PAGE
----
We could soon be living in an apres-ski world if global temperatures continue to soar, according to the findings of a study. After analyzing the expected future precipitation at more than 2,000 European ski resorts under different climate eventualities, the authors found that more than half will experience a severe lack of snow if temperatures rise 2°C (3.6°F) above pre-industrial levels.
Using “state-of-the-art reanalyses and climate projections of the snow cover reliability and a detailed inventory of ski resort locations in Europe,” the researchers found that 53 percent of Europe’s winter sports hotspots face a very high risk of low snowfall if this critical threshold is breached. A temperature increase of 4°C (7.2°F), meanwhile, would lead to a lack of snowfall at 98 percent of resorts.
Europe is currently the largest global winter sports tourism market, with around 60 percent of the world’s skiers slaloming down the continent’s slopes. During the 2019 season - the last before the COVID-19 pandemic disrupted international travel - this equated to 209 million visitors and more than 30 billion euros in revenues.
However, some of the region’s most popular destinations could soon have little to offer visitors in the winter. For instance, 89 percent of ski resorts in the Pyrenees - which straddle the border between France and Spain - face a very high risk of low snowfall at two degrees of warming.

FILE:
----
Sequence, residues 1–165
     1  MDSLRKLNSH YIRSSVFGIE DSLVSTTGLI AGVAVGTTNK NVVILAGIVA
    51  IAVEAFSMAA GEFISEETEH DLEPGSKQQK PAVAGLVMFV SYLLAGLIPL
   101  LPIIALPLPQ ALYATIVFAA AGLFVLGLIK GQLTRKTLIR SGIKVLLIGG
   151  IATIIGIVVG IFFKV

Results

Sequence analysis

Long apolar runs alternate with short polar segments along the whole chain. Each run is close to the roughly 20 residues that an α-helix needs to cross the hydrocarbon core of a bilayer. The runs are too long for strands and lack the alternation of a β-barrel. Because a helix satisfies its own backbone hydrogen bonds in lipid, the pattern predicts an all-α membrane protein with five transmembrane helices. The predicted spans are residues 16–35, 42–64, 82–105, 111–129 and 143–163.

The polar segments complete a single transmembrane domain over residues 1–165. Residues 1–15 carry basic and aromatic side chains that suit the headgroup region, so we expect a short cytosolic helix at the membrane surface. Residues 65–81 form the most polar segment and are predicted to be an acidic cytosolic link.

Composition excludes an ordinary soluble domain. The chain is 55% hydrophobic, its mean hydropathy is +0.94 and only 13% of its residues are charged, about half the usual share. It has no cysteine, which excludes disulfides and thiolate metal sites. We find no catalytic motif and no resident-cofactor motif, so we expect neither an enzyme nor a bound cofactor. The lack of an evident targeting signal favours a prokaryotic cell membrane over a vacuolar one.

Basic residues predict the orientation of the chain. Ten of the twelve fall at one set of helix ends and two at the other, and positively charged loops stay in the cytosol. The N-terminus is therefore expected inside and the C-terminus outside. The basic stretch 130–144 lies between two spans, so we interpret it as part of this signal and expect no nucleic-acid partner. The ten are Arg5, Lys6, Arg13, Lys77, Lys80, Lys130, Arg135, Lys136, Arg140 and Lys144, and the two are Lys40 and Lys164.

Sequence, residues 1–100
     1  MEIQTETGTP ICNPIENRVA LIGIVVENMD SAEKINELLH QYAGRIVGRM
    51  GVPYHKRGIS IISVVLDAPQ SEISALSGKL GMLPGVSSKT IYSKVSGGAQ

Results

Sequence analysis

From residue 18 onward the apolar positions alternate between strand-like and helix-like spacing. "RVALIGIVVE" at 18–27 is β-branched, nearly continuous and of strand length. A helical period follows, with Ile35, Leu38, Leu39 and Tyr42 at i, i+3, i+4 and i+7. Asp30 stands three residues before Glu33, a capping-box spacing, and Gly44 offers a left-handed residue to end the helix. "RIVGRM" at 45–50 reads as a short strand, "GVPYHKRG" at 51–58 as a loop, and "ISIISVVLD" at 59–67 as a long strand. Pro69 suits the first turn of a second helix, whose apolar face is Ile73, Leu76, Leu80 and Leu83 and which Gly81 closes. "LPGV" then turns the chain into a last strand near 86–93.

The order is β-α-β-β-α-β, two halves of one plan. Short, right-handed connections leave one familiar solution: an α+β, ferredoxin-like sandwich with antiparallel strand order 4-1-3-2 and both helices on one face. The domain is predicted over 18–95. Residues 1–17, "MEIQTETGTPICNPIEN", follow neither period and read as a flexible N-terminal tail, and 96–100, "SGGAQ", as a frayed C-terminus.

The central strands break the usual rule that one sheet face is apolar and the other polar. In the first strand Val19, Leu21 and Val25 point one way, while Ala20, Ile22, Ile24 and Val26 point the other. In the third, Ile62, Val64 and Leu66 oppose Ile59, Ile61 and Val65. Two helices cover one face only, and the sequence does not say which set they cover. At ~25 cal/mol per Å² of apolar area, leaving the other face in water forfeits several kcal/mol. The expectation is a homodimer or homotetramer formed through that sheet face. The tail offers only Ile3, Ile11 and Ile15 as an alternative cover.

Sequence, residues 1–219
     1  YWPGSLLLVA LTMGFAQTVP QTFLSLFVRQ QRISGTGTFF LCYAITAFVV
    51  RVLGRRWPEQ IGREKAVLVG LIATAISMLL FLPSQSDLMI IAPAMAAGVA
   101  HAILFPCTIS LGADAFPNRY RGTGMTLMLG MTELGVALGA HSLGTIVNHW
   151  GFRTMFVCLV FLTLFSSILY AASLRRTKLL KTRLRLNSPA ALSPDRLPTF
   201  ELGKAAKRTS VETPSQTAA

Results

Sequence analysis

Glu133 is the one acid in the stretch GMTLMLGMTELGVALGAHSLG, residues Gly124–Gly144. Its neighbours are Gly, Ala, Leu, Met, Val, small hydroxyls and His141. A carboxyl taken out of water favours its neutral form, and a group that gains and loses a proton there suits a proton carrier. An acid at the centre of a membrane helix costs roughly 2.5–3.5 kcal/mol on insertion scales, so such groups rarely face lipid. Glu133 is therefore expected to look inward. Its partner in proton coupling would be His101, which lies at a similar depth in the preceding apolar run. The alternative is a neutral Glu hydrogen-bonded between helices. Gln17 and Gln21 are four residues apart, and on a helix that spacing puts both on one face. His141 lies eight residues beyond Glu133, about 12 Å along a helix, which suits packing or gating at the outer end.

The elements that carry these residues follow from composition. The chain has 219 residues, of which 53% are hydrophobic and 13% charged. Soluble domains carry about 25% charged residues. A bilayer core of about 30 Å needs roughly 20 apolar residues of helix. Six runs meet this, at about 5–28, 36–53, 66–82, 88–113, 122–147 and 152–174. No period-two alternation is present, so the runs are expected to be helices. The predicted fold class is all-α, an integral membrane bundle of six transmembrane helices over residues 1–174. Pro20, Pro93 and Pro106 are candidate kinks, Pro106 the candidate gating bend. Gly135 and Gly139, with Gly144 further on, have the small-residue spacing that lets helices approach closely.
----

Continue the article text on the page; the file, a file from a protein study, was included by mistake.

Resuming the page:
In this case, “low snowfall” equates to the amount of snow experienced in the worst 20 percent of seasons between 1961 and 1990, while “very high risk” means that any given season has at least a 50 percent chance of experiencing these conditions. Assuming a 2°C (3.6°F) increase in global temperatures, the researchers calculate that 80 percent of resorts along the French-Swiss border will fall into this category, compared with just a third of those in the French Alps.
To mitigate the problem and keep the pistes open, the study authors suggest that resorts increase their production of artificial snow. This involves spraying water into the air so that it freezes before falling to the ground.
If artificial snow can be used to cover 50 percent of all skiing areas, then the researchers calculate that the percentage of European resorts facing severe snow shortages could be reduced to 27 percent. In the Alps and Pyrenees, this figure could be as low as seven and nine percent respectively.
However, at 4°C (7.2°F) of warming, the same quantity of artificial snow would be far less effective, leaving 71 percent of resorts at very high risk of low coverage.
The study is published in the journal Nature Climate Change.
[H/T The Conversation]